The learning crisis and the challenge of realising the rights of all children to education – and to learning – will deepen. In this context, the thought of ‘building back better’ seems overwhelming. The impact of remote learning – or rather, the lack of remote learning for many – is going to leave us, as the education community, facing a huge challenge.
Build back better suggests we can create opportunity in disaster – how?
Let us not fool ourselves, ‘building back better’ will be extremely difficult, and to do so, we need to get some of the essential preconditions in place.
To support governments to move effectively towards long-term recovery – which also addresses pre-existing challenges that will have worsened during the crisis – we have developed a new evidence-informed framework.
The framework emphasises the need for:
- Evidence-informed policymaking and a good supply of policy-relevant evidence – to ensure that national responses are able to adapt to new evidence, including frontline feedback, with clearly articulated outcomes that address different scenarios and make best use of limited resources.
- Attention to be paid to issues of equity, including those related to learning and psychosocial needs – to ensure that the needs of those for whom learning has been most disrupted are met and to mitigate additional disadvantage.
- Coalitions between health-, business- and voluntary-sector organisations and bodies – to build strong systemic responses to educational delivery and to play to strengths in the existing system.
- Clear, well-communicated accountabilities at all levels of the systems to support effective recovery – to ensure all stakeholders understand their roles and are supported and challenged to achieve.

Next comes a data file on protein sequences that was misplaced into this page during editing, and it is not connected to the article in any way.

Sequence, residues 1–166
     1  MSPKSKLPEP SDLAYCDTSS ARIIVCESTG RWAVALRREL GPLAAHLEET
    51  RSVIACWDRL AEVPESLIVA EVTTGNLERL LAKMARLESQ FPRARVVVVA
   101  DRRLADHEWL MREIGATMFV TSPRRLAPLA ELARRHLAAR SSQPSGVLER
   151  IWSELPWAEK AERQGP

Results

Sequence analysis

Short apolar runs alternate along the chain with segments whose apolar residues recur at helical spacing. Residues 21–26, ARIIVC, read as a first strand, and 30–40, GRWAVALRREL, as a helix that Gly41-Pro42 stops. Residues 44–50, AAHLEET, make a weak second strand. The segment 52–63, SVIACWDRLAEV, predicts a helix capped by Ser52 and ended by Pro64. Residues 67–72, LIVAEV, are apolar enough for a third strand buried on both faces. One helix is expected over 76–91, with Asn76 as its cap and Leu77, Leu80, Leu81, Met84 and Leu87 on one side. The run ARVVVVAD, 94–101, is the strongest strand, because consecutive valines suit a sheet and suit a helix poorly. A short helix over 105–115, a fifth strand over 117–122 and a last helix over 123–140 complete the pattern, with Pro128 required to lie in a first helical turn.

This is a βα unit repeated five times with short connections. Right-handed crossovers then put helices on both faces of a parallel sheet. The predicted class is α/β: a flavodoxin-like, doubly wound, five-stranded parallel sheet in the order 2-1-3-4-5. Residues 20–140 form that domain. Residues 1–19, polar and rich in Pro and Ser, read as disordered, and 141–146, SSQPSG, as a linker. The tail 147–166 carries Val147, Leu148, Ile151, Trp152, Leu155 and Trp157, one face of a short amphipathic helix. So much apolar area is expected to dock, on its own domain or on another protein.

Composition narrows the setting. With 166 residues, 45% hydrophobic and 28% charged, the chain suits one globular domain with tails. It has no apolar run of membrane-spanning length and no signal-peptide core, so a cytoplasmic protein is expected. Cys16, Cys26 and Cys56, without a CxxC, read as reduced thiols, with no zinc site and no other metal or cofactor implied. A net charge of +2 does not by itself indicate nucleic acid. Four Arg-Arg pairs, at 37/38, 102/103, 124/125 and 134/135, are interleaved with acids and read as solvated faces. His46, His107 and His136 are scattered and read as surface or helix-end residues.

- Systematic tracking of quality and reach of initiatives and progress against targets, using robust and broad effectiveness measures – to ensure smart collection and use of data and metrics which allow for intelligent and strategic allocation of resource.
- Long-term plans for the use of a blended approach to education delivery that includes low-tech or no-tech safety nets, as well as support for teachers, so they can effectively engage learners – to ensure that the best elements of the coordinated national responses remain and resilience is built for future educational disruption.
- Leadership and direction and a framework for adaptation in the long term – to guarantee long-term success and improvement, coordinated leadership at all levels will be critical.
The model works in recovery, rehabilitation, and reconstruction phases. The application of the model during the recovery phase may differ from its longer-term application to support and continue to build better education provision for all, but the principles remain the same. To tackle longstanding and difficult issues in the provision of quality education for all, we need to build and sustain a focus on evidence, equity, coalitions, accountability, quality tracking, teaching and learning adaptable to blended delivery, and leadership at all levels for many years to come.
Dr Anna Riggall leads Education Development Trust's global programme of academic educational research and promotes evidence engagement across the organisation. She has over 20 years’ experience leading international educational research and holds an MA in Education & Development Studies and PhD in Education. She specialises in the areas of education system reform, education for marginalised groups including children with disabilities, girls and refugees, teacher development, leadership, accountability and education in emergencies. Find out more about the Education Development Trust here.
This article was originally posted on the Education Development Trust’s blog and can be accessed here.